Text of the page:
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Journal Articles Cerebral Cortex Year : 2017

Milliseconds of Sensory Input Abruptly Modulate the Dynamics of Cortical States for Seconds

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Abstract

Spontaneous internal activity plays a major role in higher brain functions. The question of how it modulates sensory evoked activity and behavior has been explored in anesthetized rodents, cats, monkeys and in behaving human subjects. However, the complementary question of how a brief sensory input modulates the internally generated activity in vivo remains unresolved, and high-resolution mapping of these bidirectional interactions was never performed. Integrating complementary methodologies, at population and single cells levels, we explored this question. Voltage-sensitive dye imaging of population activity in anesthetized rats' somatosensory cortex revealed that spontaneous up-states were largely diminished for ~2 s, even after a single weak whisker deflection. This effect was maximal at the stimulated barrel but spread across several cortical areas. A higher velocity whisker deflection evoked activity at ~15Hz. Two-photon calcium imaging activity and cell-attached recordings confirmed the VSD results and revealed that for several seconds most single cells decreased their firing, but a small number increased firing. Comparing single deflection with long train stimulation, we found a dominant effect of the first population spike. We suggest that, at the onset of a sensory input, some internal messages are silenced to prevent overloading of the processing of relevant incoming sensory information.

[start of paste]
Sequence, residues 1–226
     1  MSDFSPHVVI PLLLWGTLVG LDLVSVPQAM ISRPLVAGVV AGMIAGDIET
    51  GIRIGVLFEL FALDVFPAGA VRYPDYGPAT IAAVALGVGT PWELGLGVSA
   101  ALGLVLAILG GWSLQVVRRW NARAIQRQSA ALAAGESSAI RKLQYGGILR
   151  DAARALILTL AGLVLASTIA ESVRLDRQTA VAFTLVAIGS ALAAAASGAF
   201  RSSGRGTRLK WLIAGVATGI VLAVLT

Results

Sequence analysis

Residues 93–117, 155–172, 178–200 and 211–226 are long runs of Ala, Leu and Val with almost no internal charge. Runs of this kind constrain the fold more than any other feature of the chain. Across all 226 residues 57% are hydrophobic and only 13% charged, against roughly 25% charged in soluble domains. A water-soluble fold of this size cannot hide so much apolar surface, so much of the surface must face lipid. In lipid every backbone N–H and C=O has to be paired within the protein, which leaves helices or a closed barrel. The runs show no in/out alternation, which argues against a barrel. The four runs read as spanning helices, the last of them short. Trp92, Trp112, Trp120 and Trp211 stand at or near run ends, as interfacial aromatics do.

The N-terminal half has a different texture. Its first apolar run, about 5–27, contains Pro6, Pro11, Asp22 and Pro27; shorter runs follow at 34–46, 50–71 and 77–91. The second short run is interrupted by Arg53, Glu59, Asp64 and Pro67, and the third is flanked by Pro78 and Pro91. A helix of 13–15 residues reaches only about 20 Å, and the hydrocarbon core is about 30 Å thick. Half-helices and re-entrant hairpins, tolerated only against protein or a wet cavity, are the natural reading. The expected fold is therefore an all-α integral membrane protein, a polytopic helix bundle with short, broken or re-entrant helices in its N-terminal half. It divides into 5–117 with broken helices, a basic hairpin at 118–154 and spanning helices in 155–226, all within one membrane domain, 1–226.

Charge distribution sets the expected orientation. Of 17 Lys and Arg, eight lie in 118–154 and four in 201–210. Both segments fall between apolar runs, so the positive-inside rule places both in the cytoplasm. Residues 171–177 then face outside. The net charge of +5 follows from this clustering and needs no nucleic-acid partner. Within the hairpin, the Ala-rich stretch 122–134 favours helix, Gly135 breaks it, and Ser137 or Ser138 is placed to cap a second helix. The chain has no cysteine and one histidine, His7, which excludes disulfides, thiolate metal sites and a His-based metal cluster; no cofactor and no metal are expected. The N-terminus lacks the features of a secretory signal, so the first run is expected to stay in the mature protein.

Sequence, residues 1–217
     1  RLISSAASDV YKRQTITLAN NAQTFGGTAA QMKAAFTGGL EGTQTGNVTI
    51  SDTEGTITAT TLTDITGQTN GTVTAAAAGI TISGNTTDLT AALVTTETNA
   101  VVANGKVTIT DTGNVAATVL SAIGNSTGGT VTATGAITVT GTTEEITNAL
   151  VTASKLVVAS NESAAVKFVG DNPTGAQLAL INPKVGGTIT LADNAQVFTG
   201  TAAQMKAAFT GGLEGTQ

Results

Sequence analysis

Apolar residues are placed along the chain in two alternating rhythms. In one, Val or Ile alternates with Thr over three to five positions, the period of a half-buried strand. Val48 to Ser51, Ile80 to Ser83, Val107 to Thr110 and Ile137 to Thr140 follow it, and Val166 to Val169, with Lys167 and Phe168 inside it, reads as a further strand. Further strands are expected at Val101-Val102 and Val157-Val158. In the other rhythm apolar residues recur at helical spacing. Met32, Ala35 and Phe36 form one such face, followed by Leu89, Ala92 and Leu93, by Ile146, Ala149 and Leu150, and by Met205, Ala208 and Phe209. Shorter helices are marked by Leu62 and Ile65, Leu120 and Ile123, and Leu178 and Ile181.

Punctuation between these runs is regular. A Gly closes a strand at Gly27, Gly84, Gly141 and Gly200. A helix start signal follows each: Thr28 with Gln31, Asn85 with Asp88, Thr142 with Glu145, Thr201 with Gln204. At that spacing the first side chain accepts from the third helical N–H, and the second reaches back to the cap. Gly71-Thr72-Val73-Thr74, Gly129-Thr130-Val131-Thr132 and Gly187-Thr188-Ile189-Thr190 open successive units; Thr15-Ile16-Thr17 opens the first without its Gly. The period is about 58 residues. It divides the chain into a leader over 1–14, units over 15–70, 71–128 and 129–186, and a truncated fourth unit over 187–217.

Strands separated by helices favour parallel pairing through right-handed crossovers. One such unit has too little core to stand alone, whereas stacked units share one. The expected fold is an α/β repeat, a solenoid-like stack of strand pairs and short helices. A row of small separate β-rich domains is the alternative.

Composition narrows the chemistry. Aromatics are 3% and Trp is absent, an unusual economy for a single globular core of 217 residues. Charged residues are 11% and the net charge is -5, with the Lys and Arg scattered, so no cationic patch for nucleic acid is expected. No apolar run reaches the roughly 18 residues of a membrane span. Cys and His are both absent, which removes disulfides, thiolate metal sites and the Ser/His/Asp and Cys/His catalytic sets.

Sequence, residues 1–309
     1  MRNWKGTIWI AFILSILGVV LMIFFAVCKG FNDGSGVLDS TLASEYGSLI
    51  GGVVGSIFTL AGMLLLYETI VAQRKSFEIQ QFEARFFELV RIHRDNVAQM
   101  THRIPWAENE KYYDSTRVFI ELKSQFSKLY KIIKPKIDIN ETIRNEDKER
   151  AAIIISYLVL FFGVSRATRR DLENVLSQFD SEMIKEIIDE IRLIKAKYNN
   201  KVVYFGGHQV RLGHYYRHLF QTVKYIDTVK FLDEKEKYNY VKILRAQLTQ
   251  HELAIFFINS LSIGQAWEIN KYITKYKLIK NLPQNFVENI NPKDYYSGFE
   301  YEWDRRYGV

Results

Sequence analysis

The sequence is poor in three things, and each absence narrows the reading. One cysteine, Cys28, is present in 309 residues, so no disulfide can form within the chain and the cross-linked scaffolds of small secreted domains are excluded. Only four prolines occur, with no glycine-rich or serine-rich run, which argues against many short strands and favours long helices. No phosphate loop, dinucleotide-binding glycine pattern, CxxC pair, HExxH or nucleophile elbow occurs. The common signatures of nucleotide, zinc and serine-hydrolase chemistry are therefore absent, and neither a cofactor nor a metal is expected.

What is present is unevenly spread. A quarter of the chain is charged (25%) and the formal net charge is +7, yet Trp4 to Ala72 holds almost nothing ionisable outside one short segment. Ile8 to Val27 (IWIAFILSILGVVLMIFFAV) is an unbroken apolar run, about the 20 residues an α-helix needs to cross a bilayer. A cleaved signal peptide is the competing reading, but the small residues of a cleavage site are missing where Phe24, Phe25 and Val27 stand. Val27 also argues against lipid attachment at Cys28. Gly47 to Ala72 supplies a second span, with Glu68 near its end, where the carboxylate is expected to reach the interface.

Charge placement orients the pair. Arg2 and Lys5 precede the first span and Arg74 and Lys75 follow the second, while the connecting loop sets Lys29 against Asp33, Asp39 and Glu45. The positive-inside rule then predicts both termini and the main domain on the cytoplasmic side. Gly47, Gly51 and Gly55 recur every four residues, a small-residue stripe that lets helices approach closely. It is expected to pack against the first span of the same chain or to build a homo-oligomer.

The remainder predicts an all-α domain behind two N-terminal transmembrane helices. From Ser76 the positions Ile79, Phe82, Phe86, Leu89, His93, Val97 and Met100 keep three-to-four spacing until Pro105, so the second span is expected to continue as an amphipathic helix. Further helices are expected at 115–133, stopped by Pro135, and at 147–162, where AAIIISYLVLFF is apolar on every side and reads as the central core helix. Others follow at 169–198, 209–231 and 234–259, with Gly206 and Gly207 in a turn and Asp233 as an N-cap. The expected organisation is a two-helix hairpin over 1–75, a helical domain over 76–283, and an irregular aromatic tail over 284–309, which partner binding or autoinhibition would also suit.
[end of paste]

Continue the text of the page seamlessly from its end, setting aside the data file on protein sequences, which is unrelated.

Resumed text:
Dates and versions

hal-03939560 , version 1 (15-01-2023)

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Thomas Deneux, Amiram Grinvald. Milliseconds of Sensory Input Abruptly Modulate the Dynamics of Cortical States for Seconds. Cerebral Cortex, 2017, 27 (9), pp.4549-4563. ⟨10.1093/cercor/bhw259⟩. ⟨hal-03939560⟩
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